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How much does a political endorsement really mean?

When Oprah Winfrey endorsed Barack Obama in 2008, the act moved some voters to choose the Illinois senator. (No, really. There have actually been studies). The same can’t be said for Taylor Swift, whose ability to fill Nissan Stadium is unmatched, but whose endorsement couldn’t drag Phil Bredesen across the finish line in his 2018 Senate bid.

But on the local level, do they still have an effect? Well, candidates are still rolling them out, often as a signal to supporters, as if to say “Do you respect this person? Well, they’re supporting me.”

Take Heidi Campbell, for example. Her endorsements, so far, are mainly from colleagues in the state legislature. Vivian Wilhoite has the support of officials whom she worked to get elected, like District Attorney Glenn Funk and former judges Carol Soloman and Nick Leonardo. Though she pointed out in a text, “I am working hard to get the endorsement of the people of Nashville and Davidson County.” The same could probably be said by the rest of the field.

On Tuesday, Freddie O’Connell announced the support of two more Metro councilmembers, Sean Parker and Erin Evans. That makes five of his current colleagues who have lined up behind the District 19 CM. Both Parker and Evans, in a statement, emphasized that they believed O’Connell was ready to be mayor on Day One (and by implication, maybe some of the others in the field were not.)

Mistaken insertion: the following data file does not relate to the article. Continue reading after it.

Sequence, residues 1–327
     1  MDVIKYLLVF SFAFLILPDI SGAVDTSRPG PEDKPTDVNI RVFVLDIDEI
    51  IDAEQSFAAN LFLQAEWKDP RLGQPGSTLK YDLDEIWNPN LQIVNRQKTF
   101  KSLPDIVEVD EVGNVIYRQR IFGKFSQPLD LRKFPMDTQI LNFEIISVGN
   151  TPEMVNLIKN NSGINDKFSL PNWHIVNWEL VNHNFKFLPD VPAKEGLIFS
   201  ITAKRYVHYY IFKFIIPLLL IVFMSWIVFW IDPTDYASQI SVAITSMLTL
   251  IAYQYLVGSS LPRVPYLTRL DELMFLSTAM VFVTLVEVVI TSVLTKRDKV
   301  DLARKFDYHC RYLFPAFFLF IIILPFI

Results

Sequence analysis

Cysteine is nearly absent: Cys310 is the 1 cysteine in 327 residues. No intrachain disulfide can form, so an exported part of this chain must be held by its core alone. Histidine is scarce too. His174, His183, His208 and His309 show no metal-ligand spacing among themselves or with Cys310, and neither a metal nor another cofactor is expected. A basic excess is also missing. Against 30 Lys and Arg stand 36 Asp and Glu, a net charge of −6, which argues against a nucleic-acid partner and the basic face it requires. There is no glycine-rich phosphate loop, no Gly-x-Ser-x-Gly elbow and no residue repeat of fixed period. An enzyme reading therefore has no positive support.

“His campaign is doing more than just gearing up for Election Day, he’s building the coalition that will lead Nashville in the coming years. I hope you will join us,” Parker said.

Sharon Hurt’s campaign shared a list of 51 endorsements, including the mayor of Denver and what seems like half of the pastors in the city. We’ve shared the first 10 below (minus the mayors of Denver, Glenn Heights, Texas, Miramar, Fla. and Port Arthur, Texas, though we’re sure they’re fine people). 

Megan Barry, who racked up quite a few endorsements in successful runs for council at-large and mayor, said that sometimes it’s the small endorsements, like a sign in the yard of a neighborhood leader, that acts as validation maybe as much as a big name endorsement.

“If I’m in a neighborhood, and I know that there’s leaders in my neighborhood that I do know, I pay attention and I see a sign in their yard, I’ll be like, ‘Oh, good. They already did the research for me,’” Barry said. 

So if it moves you, here is a list of the endorsements of the main candidates for mayor. And as we get closer to Election Day, we’re sure there will be more to come.

Heidi Campbell

  • John Ray Clemmons, State Representative for Tennessee District 55
  • Bob Freeman, State Representative for Tennessee District 56
  • Gloria Johnson, State Representative for Tennessee District 90
  • Sara Kyle, State Senator for Tennessee District 30
  • Cheryl Mayes, School board member
  • Bo Mitchell, State Representative for Tennessee District 50

Jim Gingrich

“As a political outsider, Jim isn’t focused on getting endorsements from politicians. He’s focused on earning the support of the community and working with Nashvillians to move our city forward by managing growth, building affordable housing, making our city safer, and investing in our schools.” — Emily Cupples, campaign manager.